Phakic IOLs: Good benefit-to-risk ratio

April 28, 2014

The benefit-to-risk ratio of phakic IOLs is well-balanced, and while there is a risk of decreased endothelial cell counts in some eyes with certain phakic IOLs, the optical quality achieved is very good, said Thomas Kohnen, MD, PhD.

Boston-The benefit-to-risk ratio of phakic IOLs is well-balanced, and while there is a risk of decreased endothelial cell counts in some eyes with certain phakic IOLs, the optical quality achieved is very good, said Thomas Kohnen, MD, PhD.

The 3-year results with the angle-supported AcrySof Cachet IOL (Alcon Laboratories), indicated for myopia and hyperopia, showed that the lens was placed well and remained stable. The accommodative effect remained the same from preoperatively to postoperatively, and the postoperative visual acuity was superior to the preoperative level.

In the FDA study, 106 eyes completed the 5-year evaluation and of those 1% had a two-line decrease in visual acuity. The visual acuity was maintained over a long period and the spherical equivalent was very stable. The endothelial cell loss was 1.1% annually, and the cells maintained their shape and size. The minimal ACD is 2.8 mm from the endothelium, said Dr. Kohnen, Department of Ophthalmology Goethe-University, Frankfurt, Germany.

 

With the iris-fixated Artisan IOL (Ophtec)-indicated for myopia, hyperopia, and astigmatism-the minimal ACD must be 3 mm from the epithelium. The 10-year follow-up showed good outcomes, but long-term endothelial cell loss. Occasional precipitates were seen on the eye with the foldable version of the IOL (Artiflex) possibly related to the silicone material, but the outcomes were good.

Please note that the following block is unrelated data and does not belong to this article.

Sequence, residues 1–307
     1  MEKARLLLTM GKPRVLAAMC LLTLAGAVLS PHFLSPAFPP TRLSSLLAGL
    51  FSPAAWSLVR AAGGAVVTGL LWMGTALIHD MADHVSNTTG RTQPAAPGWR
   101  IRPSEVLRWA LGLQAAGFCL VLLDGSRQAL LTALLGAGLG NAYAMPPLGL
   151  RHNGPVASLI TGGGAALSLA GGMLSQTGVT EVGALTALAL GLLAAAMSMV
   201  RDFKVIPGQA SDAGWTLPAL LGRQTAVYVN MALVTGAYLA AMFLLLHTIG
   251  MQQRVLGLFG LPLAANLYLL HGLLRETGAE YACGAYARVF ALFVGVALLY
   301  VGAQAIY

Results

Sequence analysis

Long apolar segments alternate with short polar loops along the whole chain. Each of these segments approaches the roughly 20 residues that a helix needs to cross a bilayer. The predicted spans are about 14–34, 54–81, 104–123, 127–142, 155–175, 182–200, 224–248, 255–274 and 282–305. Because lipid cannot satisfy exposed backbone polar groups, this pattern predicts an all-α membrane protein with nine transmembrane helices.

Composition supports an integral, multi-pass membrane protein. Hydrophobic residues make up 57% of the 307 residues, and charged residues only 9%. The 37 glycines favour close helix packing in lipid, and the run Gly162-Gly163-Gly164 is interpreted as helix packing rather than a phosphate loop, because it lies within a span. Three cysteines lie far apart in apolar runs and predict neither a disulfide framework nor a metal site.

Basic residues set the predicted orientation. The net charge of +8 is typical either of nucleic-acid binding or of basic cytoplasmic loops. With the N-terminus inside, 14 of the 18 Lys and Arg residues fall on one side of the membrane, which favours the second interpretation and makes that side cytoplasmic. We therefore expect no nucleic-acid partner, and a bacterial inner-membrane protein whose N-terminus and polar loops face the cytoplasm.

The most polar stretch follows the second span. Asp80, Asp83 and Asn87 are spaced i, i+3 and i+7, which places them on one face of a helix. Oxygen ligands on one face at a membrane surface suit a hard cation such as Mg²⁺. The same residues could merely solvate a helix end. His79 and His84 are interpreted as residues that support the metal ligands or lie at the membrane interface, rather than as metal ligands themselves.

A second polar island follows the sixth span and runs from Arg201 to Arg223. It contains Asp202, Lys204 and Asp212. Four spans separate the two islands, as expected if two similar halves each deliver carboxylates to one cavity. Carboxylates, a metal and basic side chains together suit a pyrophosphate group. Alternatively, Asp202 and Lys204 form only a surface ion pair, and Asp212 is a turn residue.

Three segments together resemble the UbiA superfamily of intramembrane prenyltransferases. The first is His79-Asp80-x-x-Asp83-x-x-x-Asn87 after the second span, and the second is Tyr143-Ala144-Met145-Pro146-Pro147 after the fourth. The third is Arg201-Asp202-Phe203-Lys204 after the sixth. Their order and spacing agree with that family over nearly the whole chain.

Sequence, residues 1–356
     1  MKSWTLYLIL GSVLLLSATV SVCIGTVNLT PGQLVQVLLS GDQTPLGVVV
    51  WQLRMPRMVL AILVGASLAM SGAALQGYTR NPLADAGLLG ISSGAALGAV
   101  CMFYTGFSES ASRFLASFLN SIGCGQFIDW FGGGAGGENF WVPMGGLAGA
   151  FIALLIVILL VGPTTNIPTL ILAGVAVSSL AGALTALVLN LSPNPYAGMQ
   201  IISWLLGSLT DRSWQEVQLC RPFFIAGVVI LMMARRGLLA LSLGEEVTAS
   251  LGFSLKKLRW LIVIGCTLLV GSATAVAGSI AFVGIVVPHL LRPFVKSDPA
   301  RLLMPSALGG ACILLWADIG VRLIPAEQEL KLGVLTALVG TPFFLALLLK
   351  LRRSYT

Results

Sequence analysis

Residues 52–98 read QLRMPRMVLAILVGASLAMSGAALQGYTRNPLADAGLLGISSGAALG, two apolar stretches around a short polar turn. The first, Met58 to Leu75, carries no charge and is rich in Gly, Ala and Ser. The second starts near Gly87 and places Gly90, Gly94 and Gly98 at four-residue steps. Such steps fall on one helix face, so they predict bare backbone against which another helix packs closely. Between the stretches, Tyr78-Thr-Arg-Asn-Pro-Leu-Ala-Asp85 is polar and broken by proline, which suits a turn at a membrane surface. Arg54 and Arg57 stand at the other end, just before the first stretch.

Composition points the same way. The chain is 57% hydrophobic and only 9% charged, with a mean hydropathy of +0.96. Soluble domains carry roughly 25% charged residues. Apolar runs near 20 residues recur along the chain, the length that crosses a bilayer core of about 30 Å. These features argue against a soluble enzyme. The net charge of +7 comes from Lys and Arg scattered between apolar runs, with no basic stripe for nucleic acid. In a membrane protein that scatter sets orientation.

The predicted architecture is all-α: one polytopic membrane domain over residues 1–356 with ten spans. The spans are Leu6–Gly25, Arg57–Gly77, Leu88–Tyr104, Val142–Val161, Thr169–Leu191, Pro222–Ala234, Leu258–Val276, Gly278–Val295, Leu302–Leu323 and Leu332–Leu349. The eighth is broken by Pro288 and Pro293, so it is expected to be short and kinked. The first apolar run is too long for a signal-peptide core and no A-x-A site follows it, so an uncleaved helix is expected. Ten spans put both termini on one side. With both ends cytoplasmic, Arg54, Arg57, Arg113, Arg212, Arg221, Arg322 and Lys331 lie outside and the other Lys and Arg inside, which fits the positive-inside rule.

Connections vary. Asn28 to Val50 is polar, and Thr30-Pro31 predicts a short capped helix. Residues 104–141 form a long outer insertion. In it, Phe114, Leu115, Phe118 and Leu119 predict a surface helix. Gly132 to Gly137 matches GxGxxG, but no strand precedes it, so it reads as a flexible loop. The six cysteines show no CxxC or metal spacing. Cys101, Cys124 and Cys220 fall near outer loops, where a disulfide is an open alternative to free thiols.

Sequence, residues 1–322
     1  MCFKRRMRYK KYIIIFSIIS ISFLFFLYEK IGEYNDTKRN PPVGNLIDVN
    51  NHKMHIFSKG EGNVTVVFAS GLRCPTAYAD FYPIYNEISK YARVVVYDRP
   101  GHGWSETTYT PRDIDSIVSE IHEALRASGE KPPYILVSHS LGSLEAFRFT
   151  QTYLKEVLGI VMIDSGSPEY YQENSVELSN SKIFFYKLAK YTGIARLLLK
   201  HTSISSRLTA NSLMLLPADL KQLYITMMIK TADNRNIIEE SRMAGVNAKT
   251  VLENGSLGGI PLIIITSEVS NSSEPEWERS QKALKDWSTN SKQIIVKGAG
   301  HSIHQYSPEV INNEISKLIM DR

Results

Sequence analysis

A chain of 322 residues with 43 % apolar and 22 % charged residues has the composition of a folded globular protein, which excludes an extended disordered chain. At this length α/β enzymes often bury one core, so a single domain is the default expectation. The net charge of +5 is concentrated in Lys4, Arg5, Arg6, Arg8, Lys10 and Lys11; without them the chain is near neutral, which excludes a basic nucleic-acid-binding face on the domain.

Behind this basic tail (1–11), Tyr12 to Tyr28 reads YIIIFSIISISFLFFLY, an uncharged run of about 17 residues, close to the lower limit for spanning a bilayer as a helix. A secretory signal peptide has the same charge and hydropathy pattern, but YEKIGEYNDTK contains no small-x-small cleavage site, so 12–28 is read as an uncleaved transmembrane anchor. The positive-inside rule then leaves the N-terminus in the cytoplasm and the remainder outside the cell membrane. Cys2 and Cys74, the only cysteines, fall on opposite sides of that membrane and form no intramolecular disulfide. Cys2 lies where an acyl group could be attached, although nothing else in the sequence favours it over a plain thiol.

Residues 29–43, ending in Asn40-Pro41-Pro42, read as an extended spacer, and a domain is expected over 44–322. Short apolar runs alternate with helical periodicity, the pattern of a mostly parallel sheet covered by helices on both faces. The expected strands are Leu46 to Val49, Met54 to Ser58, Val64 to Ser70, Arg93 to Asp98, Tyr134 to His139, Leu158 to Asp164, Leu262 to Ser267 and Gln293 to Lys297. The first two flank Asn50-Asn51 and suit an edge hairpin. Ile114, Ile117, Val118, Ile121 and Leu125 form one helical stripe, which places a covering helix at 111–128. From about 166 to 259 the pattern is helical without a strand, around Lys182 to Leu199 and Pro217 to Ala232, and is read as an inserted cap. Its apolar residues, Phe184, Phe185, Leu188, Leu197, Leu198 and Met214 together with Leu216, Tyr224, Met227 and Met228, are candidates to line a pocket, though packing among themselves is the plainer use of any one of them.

The posterior chamber sulcus-supported Visian ICL (STAAR Surgical), indicated for myopia and hyperopia, has a central hole that promotes more aqueous circulation through the pupil. The IOL is indicated for patients 21 to 45 years of age. The IOL provides stable refraction over the long term and the minimal ACD is 2.8 mm from the endothelium. Results showed 95% of patients within ±0.5 D and 100% within 1 D of intended correction. One drawback is cataract formation in young patients when the IOL without the central hole was implanted, Dr. Kohnen said.

Anatomic factors are crucial with these lenses, he noted, as they all provide optical quality and fast visual rehabilitation, but the disadvantages of each must be considered.

 

 

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